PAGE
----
by Lauren Fallat, LPC LPAT ATR-BC
We all experience different parts of ourselves that emerge at different times as we are living through various stages and experiences. There may be parts of us that are willful, caring, compassionate, dedicated, loyal, persistent, easy-going, spontaneous, passionate, numb, sad, and so on. These different parts of us that we attach to as we cope with and manage the twists and turns in our lives can often shape our personalities, thoughts and behaviors. Our identities may align with parts of our personalities as well as the varied elements that make us unique, including our ethnic background and racial makeup, socioeconomic status, gender identity, sexual orientation, ability or disability, spirtual beliefs, academic status and so on.
When we include the factor of time as a component of our self-reflection, we begin to take notice of the shifts and changes that our identities have experienced over the course of our lives. It is in the way that we acknowledge these shifts and changes that really shapes our narratives and our self-concept. If I am asked to reflect on what got me here, there are an infinite number of memories and lived experiences to choose from and most likely all of our experiences culminated to bring us to this exact moment. Yet, many of us consider significant experiences as turning points in our lives. Often we can identify certain moments as critical to our development, our outlook or perspective on life and contributing to the way that we make choices and set goals for ourselves.
Time is an interesting factor in the realm of mental health, as often our thoughts can be consumed by what happened or did not happen in the past, what is happening or is not happening right now and what could happen in the future. For instance, for someone who is struggling with grief and depression, it would not be unusual to have the thought “I used to be so different and now I don’t have the desire to do anything” or “I just want to get back to who I used to be before I was depressed.” It is in these statements that we can begin to build awareness and understanding of our emotional needs and drive our healing. When we truly acknowledge how we are feeling and what we are needing, we are better able to communicate this to others and set more realistic and achievable goals for ourselves.
The Past, Present, Future self-portrait is an incredible art therapy directive in which the individual is asked to create a visual representation that depicts their own beliefs and thoughts about their past self, present self and future self. There are really no rules beyond the suggestion that the portrait should include the element of time as a variable. It is possible for this to be 3 separate images, a timeline, a singular head depicted in 3 different profiles, or an amalgamation of different images that represent this concept. The images can be on more of the abstracted end of the representational spectrum or can be realistic in terms of a facial portrait. This directive can be created using drawing materials, such as markers, colored pencils, pastels or pens, collage materials, clay and sculpture materials, painting materials or mixed media.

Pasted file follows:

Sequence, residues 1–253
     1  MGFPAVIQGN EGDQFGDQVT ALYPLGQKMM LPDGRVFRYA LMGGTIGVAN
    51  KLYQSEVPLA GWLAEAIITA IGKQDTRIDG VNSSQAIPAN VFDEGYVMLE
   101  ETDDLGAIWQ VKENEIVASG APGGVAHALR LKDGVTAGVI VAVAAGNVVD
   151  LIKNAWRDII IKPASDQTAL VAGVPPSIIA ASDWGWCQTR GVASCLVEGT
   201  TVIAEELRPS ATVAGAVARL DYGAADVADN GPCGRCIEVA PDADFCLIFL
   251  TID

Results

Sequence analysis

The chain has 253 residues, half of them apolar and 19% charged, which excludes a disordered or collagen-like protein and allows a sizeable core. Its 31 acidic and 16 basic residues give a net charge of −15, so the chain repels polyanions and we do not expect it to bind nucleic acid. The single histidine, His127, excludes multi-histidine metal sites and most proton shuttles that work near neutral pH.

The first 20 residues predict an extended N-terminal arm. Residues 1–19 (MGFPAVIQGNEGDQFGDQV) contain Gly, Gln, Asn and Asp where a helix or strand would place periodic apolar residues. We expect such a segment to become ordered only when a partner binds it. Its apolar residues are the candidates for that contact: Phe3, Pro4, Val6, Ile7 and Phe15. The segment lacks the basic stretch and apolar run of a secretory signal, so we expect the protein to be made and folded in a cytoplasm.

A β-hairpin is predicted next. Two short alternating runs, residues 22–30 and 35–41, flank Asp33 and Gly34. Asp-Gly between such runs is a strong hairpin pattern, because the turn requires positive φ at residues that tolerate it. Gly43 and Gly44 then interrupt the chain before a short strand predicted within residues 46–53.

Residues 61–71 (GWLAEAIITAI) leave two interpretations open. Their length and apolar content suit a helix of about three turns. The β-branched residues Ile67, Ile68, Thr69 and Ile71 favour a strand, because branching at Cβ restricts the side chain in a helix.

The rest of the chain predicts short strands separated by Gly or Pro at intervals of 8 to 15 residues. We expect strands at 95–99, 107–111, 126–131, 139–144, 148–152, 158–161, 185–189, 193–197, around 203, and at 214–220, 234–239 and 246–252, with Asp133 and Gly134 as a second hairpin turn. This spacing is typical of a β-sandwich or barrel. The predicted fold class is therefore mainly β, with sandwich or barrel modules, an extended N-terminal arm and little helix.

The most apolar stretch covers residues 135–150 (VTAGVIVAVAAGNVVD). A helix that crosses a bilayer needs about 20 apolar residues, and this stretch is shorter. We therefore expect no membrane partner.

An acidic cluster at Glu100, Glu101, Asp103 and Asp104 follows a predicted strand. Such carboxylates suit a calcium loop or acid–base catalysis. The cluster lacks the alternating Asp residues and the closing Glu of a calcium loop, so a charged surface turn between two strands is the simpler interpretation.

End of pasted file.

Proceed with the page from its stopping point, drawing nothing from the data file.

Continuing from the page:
When creating the Past, Present, Future Self-Portrait, one may choose to journal or reflect on the following questions for further self-exploration and awareness:
What part of the self was easiest or hardest to depict? Which part of the self was easiest or hardest to reflect on?
What was most important to you as you were considering a visual representation of your past? What is it that you wanted the viewer or even yourself to understand about your earlier experiences?
What was most important to you in depicting your present self? Were there elements that you chose to focus on and not focus on intentionally?
What was most important to you in depicting your future self?
What aspects of yourself seem more closely related?
Do you see your past self influencing your present or future self?
What emotional qualities would you attach to these different parts of yourself?
What is your response to visually witnessing your past, present and future self combined in one art piece? What stands out most to you? Is there anything that is missing?
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